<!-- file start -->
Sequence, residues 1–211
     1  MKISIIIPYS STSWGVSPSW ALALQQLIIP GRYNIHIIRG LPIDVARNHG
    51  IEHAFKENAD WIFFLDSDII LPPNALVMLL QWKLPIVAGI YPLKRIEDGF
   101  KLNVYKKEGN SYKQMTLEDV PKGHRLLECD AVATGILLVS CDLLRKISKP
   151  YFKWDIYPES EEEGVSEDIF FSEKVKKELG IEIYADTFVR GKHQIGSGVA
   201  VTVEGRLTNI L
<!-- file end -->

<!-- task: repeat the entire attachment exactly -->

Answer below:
Sequence, residues 1–211
     1  MKISIIIPYS STSWGVSPSW ALALQQLIIP GRYNIHIIRG LPIDVARNHG
    51  IEHAFKENAD WIFFLDSDII LPPNALVMLL QWKLPIVAGI YPLKRIEDGF
   101  KLNVYKKEGN SYKQMTLEDV PKGHRLLECD AVATGILLVS CDLLRKISKP
   151  YFKWDIYPES EEEGVSEDIF FSEKVKKELG IEIYADTFVR GKHQIGSGVA
   201  VTVEGRLTNI L